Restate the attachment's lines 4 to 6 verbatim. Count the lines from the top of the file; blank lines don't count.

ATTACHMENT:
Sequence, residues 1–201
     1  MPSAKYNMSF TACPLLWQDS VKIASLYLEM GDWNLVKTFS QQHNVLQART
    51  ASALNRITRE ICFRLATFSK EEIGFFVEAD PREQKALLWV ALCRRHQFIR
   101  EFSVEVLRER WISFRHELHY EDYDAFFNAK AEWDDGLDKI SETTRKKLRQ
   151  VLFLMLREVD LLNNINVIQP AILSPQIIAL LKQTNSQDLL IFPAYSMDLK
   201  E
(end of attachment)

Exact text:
   101  EFSVEVLRER WISFRHELHY EDYDAFFNAK AEWDDGLDKI SETTRKKLRQ
   151  VLFLMLREVD LLNNINVIQP AILSPQIIAL LKQTNSQDLL IFPAYSMDLK
   201  E